it’s your PhD, so take control!

So how do people normally think about professors? eccentrics who are entirely focused on their research who are unorganised, work into the night with no social life, get frustrated at not being understood, lack interpersonal skills, intolerant, moody….I think you get the picture! I’m sure not all professors are like that but as your academic supervisor gained their position mainly due to their research skills, it should be no surprise they just aren’t that fluffy.

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In fact you may think if you cried in front of them they would ‘take those tears, freeze them, and throw them in a glass of whiskey and drink it … to increase their spirit-crushing abilities’ (Quote 1)

So how are you going to manage your relationship with your supervisor so that you can get your PhD with minimum pain? In conversations with students I have found that one area that often causes problems is the supervisory meeting, so here are some top tips gleaned from those who have been willing to share their ideas.

Agree your expectations as early as possible

The meetings with your supervisor are a very important part of your PhD. They can provide tips, ideas and guidance that would otherwise take you a long time to work out. They also provide confirmation that you are on the right track. It is best if you can agree how you are going to work together at the outset, however, if you haven’t, it’s never too late to just ask to clarify what each of you expects.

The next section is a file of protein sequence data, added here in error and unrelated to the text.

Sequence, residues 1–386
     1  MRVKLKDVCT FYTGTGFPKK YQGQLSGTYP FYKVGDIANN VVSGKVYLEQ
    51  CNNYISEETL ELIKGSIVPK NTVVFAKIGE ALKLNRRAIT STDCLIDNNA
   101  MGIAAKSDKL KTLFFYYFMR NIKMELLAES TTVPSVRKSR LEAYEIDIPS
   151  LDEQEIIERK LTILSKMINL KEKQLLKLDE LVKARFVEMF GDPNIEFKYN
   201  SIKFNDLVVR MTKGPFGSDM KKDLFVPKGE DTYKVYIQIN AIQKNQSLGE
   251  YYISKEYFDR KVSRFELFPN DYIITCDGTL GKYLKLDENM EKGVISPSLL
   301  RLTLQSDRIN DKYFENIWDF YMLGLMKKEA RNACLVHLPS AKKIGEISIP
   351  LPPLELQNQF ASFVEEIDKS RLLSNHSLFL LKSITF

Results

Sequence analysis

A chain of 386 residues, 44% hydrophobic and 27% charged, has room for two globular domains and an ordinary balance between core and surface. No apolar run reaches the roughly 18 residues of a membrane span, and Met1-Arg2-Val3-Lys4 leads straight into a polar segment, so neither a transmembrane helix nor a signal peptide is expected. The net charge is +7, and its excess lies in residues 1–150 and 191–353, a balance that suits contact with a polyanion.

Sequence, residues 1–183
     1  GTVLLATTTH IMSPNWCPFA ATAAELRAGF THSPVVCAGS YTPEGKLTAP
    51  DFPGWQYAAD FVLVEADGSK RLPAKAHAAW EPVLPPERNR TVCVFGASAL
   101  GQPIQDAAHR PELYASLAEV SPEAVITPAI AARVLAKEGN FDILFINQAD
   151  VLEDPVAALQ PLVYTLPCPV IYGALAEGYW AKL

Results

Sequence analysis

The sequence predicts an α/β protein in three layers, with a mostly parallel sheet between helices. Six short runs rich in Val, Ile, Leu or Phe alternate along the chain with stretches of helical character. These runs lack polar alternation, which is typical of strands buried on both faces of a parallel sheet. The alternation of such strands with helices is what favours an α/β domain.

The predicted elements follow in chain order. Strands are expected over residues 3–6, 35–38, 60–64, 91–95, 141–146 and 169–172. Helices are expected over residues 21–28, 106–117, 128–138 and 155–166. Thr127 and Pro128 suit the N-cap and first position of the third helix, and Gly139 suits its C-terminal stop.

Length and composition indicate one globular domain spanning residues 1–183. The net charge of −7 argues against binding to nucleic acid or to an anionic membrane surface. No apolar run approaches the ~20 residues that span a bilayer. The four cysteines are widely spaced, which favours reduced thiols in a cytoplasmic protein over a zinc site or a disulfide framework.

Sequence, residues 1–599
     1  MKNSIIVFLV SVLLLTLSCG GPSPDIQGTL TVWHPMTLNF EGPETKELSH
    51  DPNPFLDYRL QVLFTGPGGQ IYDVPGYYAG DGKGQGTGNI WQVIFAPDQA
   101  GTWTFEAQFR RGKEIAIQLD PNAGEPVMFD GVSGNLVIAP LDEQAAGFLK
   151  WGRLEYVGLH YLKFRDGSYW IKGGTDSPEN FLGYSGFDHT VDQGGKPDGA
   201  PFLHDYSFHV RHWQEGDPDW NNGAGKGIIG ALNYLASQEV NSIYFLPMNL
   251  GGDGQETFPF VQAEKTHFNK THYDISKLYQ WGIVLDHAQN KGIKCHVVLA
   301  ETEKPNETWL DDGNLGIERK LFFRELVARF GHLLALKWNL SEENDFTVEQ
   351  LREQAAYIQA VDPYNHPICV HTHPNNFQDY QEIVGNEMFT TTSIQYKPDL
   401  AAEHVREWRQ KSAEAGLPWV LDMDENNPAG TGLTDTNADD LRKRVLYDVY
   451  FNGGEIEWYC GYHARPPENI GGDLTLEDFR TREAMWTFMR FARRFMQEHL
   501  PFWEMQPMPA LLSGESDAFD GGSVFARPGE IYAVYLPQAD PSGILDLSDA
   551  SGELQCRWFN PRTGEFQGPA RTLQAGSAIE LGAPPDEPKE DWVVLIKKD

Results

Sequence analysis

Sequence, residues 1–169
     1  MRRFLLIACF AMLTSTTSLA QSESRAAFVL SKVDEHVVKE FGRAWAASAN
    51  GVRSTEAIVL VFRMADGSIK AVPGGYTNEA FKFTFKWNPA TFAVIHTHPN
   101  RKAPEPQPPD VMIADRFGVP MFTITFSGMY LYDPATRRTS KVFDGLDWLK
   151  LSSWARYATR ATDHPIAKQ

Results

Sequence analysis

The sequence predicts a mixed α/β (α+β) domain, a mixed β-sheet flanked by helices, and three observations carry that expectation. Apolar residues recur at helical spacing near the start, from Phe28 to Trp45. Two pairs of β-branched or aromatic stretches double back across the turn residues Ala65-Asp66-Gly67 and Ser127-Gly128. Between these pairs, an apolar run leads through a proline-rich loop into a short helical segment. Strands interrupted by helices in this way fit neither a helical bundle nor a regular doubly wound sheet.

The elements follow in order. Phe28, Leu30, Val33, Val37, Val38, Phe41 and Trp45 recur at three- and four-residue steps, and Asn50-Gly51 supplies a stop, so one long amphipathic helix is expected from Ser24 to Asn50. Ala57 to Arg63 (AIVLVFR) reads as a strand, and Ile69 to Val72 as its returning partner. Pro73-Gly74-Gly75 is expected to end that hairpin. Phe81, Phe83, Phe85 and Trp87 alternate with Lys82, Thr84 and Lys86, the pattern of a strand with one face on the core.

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You may want to consider:

  • how often you will meet and put these in the diary as soon as possible (use a diary yourself it’s all part of being professional)
  • an overall plan for your research and regular milestones
  • how you will keep in touch when your supervisor is away at conferences etc
  • are you expected to take part in departmental meetings or other activites

Don’t forget, that if you are having any problems, it may be best to get in touch straight away rather than waiting for your next meeting.

Before the meeting

Prepare for the meeting by having details of your progress so far, list any issues you have and consider what you are going to do next. It may be an idea to send an email beforehand with an ‘agenda’ of what you want to discuss so they can be prepared and have answers ready.

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During the meeting

Don’t forget your supervisor is a busy person and will probably not remember everything about your project and what has been said so do expect to recap on your progress

Take notes of any ideas and agreed actions and do not be afraid to ask for clarification. They may suggest many directions in which your research could go, it doesn’t mean you have to explore all of them, aim to agree what is realistic.

Don’t be afraid to admit if you are struggling and need help. At first you may feel overwhelmed by your supervisor and worry that you are not good enough and that they make think badly of you. Be confident in your abilities and ask for the help that you need as they are more likely to think badly of you if you don’t ask and then waste time doing nothing because you are confused or unsure. It is your PhD so get the help you need.



Email your supervisor and thank them for their help.Include a list of the agreed actions to make sure you have them understood correctly and give them the chance to clarify if not. Think about what has been said and some of the questions they asked as this may help your thinking and generate more ideas.

All obvious stuff but it is surprising how many don’t do this!

If you have any tips you would like to share please comment below

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